Location: Xefina Grande Island (Ilha Xefina Grande) is located only 4km from Maputo's Costa do Sol, at low tide this reduces to only 2km. Despite it's proximity to Maputo it is still quite a rare trip with a vast majority of Maputense, and visitors to Maputo, unfortunately never making it to this fascinating destination. There are actually three "Ilha Xefinas" however the other two are much less visited and consist mainly of small bushes and not as attractive beaches. The islands begin where the Incomati River enters into Maputo Bay and are formed by the deposits from this river. The third and most popular of the Islands, Xefina Grande, is arguably Maputo's most desolate beach and fantastic for swimming, relaxing, and exploring.
How to get there: There are a number of tour operators that frequent the island however without adequate numbers it can become expensive. (Our favourite is www.toursmaputo.com who offer a lunch, shade, and other elements that are impossible to find on the island.) For the truly adventurous you can try your luck catching a ride with a fisherman however be careful of the dozens of plain-clothed police who are waiting for illegal boarding of boats along this beach. The other risk with this more economical option is that you might have promises that a boat will come back to pick you up that never eventuates.
What to do: Most visits start on the lovely sand banks of the southern tip of the island. This spot is ideal for setting up camp, bbqs and your shade (Do bring shade to the island as there are next to no trees to provide any). It's also a great spot for swimming, especially if you are blessed with a day with clear waters, something that isn't too frequent on this side of Maputo Bay. This area has small shallow areas for children to play in, and very deep water on the outer sands banks. You can literally dive into the water from the sand banks.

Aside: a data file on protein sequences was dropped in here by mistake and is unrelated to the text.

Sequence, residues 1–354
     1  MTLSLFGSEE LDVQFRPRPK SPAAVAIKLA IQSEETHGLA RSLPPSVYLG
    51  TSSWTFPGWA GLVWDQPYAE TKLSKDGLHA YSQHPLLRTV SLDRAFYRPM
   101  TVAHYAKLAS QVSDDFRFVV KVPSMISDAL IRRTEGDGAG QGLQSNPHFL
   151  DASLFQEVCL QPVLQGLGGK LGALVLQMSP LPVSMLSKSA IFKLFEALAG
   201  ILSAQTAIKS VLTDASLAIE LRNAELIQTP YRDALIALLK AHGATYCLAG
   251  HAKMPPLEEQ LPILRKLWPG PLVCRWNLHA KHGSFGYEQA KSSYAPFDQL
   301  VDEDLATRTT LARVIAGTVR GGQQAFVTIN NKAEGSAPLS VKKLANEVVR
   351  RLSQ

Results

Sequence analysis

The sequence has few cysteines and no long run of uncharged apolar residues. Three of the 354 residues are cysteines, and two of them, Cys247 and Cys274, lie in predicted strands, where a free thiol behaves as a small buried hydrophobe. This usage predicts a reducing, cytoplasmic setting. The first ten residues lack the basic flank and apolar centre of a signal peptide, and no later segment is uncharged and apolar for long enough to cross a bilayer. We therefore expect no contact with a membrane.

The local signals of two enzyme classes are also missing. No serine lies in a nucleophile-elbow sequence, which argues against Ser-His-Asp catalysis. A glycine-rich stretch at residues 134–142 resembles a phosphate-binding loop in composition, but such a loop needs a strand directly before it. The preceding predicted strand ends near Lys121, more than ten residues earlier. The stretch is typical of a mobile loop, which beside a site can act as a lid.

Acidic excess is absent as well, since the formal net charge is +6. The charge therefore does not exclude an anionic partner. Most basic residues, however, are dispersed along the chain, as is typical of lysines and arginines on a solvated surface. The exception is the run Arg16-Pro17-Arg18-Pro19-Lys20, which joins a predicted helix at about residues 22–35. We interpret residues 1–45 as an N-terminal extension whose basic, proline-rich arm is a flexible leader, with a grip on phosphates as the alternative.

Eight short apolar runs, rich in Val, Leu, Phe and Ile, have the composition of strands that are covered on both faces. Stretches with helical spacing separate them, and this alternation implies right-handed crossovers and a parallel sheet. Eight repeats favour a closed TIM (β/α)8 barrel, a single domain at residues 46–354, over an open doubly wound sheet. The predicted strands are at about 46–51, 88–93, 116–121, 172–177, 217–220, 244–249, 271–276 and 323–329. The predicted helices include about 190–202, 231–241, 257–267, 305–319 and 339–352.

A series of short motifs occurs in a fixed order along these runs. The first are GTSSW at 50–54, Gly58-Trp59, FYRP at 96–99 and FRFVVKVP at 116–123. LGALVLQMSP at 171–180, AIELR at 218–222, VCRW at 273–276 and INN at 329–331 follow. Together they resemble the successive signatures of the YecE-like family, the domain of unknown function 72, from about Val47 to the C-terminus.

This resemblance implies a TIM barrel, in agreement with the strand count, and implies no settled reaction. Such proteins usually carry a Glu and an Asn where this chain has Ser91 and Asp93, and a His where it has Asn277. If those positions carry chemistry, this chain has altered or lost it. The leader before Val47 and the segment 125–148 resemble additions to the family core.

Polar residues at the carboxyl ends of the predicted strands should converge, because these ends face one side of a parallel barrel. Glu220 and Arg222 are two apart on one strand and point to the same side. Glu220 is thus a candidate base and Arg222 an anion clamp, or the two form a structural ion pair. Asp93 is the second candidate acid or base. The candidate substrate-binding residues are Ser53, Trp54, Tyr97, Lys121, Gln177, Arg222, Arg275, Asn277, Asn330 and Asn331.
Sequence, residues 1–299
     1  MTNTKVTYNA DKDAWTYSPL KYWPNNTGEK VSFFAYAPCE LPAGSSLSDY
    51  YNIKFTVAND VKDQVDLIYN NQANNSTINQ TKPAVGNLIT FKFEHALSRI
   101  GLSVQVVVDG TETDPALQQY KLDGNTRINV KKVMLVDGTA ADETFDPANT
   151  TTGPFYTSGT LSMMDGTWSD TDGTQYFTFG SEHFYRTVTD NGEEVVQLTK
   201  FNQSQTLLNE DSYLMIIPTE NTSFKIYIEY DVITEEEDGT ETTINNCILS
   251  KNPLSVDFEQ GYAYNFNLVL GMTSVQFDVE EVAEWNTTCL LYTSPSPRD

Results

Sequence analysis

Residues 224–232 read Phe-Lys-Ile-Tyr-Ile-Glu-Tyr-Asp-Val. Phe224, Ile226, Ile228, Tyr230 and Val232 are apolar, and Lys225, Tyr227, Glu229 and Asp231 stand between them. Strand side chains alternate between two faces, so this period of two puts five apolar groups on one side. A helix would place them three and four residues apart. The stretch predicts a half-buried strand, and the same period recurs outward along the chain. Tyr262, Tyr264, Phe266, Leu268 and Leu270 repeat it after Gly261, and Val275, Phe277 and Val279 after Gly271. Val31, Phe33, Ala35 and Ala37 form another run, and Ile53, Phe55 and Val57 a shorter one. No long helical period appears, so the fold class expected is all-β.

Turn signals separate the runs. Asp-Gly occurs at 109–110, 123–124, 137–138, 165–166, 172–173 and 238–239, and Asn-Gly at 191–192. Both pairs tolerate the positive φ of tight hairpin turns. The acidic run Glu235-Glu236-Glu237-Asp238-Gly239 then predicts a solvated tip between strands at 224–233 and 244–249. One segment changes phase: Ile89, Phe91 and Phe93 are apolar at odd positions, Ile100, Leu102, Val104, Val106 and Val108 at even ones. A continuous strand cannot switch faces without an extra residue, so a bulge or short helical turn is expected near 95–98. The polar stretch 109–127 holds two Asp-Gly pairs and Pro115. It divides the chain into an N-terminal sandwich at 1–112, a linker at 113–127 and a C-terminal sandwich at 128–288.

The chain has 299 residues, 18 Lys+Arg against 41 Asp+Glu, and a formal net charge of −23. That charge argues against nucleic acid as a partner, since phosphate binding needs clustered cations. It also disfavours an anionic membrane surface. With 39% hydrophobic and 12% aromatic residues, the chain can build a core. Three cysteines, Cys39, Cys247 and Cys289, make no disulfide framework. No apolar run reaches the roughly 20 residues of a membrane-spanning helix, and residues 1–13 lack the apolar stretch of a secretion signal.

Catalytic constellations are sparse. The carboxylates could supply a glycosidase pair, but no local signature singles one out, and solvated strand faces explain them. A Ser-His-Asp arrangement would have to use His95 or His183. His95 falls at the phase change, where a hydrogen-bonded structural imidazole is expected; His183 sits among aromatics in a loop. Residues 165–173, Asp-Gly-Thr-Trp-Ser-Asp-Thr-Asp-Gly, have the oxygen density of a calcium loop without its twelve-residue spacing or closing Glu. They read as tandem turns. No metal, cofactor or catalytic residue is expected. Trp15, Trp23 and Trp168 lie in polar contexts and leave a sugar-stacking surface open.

To walk from this side of the island around to the ruins of the old military base takes approximately 30 minutes, so if you decide to explore these incredible ruins do budget for the one hour there and back, and one to two hours of exploring. On the ocean side of the island there are a number of cannon turrets as seen in this photo.
History: It is believed that Ilha Xefina has been partly inhabited for centuries, however with no natural water source it does not afford ideal living conditions. In the 19th Century it was used as a leper colony. Then early in the 20th Century the Portuguese built an army base, and fort with the aim of protecting the city of Maputo as all ships must arrive through the channel between Inhaca Island, and Xefina Island. Although you won't find any history books that detail the dark past of this base, it was used by the Portuguese as a concentration camp for political prisoners in the years leading up to the revolution. Reports of rooms used exclusively for torture are often told.